The Gentle Bull, Not The Vicious One, Kills His "Keeper"

The Gentle Bull, Not The Vicious One, Kills His Keeper

This photograph was taken at an Amish farm in Pennsylvania.

A Bull is an intact (non-castrated) adult male cattle. Bulls can be very aggressive and are responsible for significant number of livestock related fatalities across the world. An article in the Mar. 12, 1927 issue of the popular farming magazine, The Farmer states: "Handle [the bull] with a staff and take no chances. The gentle bull, not the vicious one, most often kills or maims his keeper".

One definition of Keeper is "a person who assumes responsibility for another's behavior". In the Biblical story of Cain and Abel, the two sons of Adam and Eve, Cain becomes jealous of his brother Adel who he perceives as favored by God, and kills him. When God asks "Where is your brother?" he answers, "Am I my brother's keeper?" stating his reluctance to accept responsibility for the welfare of his brother. In the story, Cain is sentenced to restlessly wander in the Land of Nod which is located in the East of Eden.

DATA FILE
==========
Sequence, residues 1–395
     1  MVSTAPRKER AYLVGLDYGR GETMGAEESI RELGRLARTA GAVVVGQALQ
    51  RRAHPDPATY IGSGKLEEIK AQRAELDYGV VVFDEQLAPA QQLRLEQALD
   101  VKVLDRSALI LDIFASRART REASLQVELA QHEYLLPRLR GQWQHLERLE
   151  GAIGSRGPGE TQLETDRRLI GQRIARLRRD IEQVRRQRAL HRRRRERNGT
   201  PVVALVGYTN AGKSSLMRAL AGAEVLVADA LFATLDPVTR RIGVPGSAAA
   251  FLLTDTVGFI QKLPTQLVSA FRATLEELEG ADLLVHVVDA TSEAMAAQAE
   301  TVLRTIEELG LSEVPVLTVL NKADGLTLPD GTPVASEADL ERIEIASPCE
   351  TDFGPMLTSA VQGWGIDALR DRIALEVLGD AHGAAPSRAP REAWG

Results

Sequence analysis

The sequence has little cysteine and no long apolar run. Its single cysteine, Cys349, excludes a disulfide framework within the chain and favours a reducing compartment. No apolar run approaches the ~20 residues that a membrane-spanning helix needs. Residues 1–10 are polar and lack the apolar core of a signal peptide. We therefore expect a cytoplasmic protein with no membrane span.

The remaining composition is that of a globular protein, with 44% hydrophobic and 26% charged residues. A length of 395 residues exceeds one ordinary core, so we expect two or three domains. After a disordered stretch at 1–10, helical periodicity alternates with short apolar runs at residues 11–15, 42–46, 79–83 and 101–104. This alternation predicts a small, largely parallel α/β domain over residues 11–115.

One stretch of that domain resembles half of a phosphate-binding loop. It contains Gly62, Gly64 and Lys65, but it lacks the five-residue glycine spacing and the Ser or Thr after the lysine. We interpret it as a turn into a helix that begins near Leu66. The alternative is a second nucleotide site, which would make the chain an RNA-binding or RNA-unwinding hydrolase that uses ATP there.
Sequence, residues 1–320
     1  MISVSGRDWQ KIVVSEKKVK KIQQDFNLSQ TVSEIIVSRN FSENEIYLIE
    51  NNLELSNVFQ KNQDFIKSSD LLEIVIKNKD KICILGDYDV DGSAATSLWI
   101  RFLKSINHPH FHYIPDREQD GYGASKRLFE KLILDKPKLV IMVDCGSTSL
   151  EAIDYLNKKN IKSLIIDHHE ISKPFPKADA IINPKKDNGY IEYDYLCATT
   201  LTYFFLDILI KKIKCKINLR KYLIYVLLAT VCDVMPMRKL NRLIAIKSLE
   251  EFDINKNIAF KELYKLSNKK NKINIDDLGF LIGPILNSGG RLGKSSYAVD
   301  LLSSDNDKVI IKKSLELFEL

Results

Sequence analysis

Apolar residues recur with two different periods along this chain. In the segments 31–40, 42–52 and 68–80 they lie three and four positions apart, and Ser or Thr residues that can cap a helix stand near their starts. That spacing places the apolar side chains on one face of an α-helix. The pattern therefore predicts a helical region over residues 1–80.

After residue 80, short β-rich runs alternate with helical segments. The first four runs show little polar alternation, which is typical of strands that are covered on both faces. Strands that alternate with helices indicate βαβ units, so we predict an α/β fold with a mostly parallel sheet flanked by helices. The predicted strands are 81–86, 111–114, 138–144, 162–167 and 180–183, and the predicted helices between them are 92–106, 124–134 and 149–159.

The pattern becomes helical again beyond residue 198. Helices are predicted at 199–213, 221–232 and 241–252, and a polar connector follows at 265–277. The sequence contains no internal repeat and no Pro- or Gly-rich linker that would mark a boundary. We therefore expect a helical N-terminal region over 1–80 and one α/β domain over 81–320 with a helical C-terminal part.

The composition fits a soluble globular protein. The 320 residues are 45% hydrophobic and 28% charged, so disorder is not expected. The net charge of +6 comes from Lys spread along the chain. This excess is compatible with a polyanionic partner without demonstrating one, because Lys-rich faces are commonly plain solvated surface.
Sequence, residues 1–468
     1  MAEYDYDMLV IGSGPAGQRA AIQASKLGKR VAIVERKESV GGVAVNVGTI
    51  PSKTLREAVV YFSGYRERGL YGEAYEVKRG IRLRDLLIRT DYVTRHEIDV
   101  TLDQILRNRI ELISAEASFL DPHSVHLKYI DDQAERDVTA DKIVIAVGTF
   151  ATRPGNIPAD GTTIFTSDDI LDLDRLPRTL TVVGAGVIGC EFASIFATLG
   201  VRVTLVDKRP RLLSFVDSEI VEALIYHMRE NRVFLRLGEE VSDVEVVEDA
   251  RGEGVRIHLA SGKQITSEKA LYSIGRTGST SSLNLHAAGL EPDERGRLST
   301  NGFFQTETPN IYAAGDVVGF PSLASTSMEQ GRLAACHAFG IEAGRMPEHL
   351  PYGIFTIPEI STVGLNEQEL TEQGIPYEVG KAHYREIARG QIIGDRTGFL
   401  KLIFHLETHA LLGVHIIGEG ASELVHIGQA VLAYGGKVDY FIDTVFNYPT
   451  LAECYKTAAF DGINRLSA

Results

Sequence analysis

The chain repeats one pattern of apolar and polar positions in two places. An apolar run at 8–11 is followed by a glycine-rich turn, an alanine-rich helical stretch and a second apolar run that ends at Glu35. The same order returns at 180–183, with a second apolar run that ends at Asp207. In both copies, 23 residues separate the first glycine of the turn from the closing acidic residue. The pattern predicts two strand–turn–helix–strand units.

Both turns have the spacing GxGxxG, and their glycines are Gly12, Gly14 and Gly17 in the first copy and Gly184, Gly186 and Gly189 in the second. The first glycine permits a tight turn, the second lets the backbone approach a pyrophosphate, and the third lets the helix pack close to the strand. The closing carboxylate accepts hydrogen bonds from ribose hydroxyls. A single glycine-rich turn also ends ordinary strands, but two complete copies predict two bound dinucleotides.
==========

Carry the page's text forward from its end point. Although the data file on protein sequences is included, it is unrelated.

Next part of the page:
Philosophy buffs, esp. deontologists and consequentialists, argue back and forth about whether it is the act, or the outcome that matters. Looks like God has spoken against fratricide, but on the other hand, fratricide may have prevented civil wars? And how about the problem of the Gentle Bull?
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